The Forests & the Trees
To the Editor:
Peter Shaw’s article, “Apocalypse Again” [April], omits two very important considerations in the tenacious and tendentious propagation of predictions of imminent catastrophe. Researchers in the environmental sciences are in incessant need of generating funds, usually public funds, for professional survival and they accumulate enormous intellectual and emotional baggage. Having been involved in such pursuits (mainly at NASA) for over thirty years, I know the stakes and the temptations coincident with scientific research.
Just to cite one example: for a number of years I was closely associated with most of the authors of the famous (or to some people infamous) TTAPS “nuclear-winter” paper (so-called after its authors, Turco, Toon, Ackerman, Pollack, and Sagan) and indeed published a number of papers with them. Several of the papers were on the atmospheric model which lay at the heart of the TTAPS study. It simply turned out that while the model was quite adequate for studying some of the physics and chemistry of the particles formed by a volcanic eruption, it was far too simple for predicting “nuclear-winter” effects. So it is with all of the atmospheric models generated so far, including the model used by Jim Hansen, the principal prophet of doom regarding the “greenhouse effect.” Moreover, it is most unlikely that an adequate model for studying the effect will ever be developed. Knowledge of this improbability stems from a new branch of physics frequently called “chaos theory.” . . . Despite its questionable nature, the “greenhouse theory” is even now a potent source of funding for researchers, and many of them have developed an enormous professional and emotional stake in its public acceptance. A hungry and utopia-oriented scientist should not be underestimated! . . .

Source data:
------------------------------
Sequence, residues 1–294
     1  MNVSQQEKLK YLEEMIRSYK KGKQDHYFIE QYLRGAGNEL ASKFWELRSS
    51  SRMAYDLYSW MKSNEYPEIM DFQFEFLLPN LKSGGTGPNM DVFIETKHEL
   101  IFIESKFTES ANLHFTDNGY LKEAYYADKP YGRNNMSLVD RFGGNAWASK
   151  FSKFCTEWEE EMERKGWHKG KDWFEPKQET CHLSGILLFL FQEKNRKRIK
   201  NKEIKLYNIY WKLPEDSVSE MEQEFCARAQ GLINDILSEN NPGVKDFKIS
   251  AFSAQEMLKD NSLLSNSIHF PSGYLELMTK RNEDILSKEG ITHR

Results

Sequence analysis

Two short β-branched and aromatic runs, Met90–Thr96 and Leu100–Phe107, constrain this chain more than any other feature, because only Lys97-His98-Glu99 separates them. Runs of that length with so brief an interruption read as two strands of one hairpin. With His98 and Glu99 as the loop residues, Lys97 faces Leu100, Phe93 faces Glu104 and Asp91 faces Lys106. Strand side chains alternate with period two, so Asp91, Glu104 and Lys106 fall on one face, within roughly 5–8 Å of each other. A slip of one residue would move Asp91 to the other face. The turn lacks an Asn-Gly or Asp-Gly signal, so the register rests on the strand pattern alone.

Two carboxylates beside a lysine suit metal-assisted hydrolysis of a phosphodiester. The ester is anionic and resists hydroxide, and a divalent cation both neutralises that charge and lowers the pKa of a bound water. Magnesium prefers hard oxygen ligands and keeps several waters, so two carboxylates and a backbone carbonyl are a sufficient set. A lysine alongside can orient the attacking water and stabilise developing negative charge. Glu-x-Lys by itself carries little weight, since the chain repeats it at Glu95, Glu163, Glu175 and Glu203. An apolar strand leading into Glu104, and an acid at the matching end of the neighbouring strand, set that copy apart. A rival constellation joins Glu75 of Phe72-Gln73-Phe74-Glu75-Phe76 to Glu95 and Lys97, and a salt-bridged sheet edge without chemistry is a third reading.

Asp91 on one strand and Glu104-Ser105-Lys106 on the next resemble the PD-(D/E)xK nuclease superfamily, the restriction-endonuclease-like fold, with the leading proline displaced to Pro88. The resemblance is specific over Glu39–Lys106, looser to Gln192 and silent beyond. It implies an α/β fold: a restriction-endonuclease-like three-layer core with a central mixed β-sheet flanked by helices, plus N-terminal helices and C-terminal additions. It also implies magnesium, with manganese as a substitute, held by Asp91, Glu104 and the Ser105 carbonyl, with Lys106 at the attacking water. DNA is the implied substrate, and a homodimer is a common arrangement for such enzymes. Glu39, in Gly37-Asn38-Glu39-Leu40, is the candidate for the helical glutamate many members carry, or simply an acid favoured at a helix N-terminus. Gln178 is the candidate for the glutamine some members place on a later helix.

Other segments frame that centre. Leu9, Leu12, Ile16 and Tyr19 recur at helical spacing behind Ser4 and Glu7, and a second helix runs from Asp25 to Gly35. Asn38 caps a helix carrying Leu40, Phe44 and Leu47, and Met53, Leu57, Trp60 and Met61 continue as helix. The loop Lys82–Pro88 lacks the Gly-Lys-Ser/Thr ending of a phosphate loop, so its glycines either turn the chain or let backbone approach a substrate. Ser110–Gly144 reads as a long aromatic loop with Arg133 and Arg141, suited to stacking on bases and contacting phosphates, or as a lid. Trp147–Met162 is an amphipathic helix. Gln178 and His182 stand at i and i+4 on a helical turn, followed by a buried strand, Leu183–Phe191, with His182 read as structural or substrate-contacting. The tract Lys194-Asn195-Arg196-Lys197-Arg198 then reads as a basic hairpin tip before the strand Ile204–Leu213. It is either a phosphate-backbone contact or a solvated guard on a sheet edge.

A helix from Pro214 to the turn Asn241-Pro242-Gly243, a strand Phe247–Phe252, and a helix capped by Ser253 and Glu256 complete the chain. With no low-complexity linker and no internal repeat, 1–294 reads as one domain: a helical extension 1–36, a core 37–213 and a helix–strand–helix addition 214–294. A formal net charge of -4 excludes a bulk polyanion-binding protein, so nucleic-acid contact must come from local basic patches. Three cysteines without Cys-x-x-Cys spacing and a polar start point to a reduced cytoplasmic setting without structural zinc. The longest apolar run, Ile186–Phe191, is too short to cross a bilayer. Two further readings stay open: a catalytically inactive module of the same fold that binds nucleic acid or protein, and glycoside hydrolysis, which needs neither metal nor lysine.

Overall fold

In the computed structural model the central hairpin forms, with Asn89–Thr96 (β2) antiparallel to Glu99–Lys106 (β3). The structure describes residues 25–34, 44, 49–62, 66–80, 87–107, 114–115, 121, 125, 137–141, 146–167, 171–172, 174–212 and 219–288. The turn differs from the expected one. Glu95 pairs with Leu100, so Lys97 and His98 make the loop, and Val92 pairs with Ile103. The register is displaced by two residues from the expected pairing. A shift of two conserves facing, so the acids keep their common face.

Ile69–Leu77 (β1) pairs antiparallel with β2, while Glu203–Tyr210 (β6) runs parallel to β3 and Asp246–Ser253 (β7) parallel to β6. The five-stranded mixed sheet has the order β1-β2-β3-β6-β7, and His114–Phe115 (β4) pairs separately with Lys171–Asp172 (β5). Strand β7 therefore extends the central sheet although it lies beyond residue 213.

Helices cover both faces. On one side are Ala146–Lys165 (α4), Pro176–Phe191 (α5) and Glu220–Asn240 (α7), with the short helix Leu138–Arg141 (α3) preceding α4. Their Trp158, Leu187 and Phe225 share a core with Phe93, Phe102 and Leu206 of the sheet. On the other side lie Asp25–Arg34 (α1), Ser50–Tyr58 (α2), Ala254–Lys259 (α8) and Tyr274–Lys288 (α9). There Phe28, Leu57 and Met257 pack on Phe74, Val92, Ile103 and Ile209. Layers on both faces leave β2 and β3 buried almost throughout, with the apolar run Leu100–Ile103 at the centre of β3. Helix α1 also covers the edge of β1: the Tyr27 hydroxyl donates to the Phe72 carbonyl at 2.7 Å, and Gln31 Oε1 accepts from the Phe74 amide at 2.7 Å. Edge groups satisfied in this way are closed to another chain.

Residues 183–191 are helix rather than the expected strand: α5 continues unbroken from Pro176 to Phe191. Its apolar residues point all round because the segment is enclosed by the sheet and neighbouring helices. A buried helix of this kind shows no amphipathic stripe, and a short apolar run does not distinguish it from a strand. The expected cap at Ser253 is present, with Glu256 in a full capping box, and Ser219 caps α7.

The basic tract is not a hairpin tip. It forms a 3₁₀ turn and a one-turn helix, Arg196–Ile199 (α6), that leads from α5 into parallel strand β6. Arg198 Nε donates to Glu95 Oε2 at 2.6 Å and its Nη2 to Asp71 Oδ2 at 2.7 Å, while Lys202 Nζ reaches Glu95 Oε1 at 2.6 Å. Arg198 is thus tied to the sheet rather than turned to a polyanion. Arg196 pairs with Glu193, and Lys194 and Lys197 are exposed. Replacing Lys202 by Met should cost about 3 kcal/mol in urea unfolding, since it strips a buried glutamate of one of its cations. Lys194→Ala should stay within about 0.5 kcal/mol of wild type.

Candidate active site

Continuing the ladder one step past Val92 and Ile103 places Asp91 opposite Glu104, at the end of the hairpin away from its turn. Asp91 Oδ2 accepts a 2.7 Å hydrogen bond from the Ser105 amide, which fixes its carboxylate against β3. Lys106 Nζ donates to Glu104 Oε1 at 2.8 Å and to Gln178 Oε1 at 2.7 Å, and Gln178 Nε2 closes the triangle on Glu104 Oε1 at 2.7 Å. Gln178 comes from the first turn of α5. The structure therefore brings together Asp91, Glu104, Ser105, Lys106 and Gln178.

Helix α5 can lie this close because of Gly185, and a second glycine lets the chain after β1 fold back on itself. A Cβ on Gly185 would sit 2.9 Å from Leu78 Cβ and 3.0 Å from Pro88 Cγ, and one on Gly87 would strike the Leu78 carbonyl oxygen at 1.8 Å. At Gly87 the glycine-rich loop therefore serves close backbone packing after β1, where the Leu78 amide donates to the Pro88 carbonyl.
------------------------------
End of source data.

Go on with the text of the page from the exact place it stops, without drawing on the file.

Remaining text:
Robert C. Whitten
To the Editor:
Peter Shaw writes of “the mistaken assumption that forests worldwide are decreasing in size (they are not).” I would like to know how Mr. Shaw justifies this, what I consider, amazing statement.
Bronx, New Yorx
Peter Shaw writes:
Robert C. Whitten’s example of how the limitations of science can combine with the self-interested and/or altruistic motives of scientists fills in a part of the puzzle of why we are increasingly subject to irresponsible apocalypticism.
In reply to Harold Enten, my source for the statement about world forestation is “Global Forests,” a survey of world forest studies by Roger A. Sedjo and Marion Clawson printed in Julian L. Simon and Herman Kahn’s The Resourceful Earth (1984). Sedjo and Clawson conclude that “there is certainly nothing in the data to suggest that the world is experiencing significant net deforestation.”
Estimates of how much forest there is in the world vary from approximately 2½ million to approximately 6 million hectares. We do not know either how much forest exists or by how much it may be increasing or decreasing. The best guess seems to be that forests in the industrialized countries, despite all the hoopla over acid rain, are either stable or increasing, and that “while serious local problems of excessive deforestation do exist in some regions of the tropics,” the net loss has been much exaggerated.
Efforts to prevent loss of forest acreage in the Amazon and elsewhere are to be commended. Apocalyptic exaggerations of how the loss affects the global forest balance are not—unless you believe in lying to support a good cause.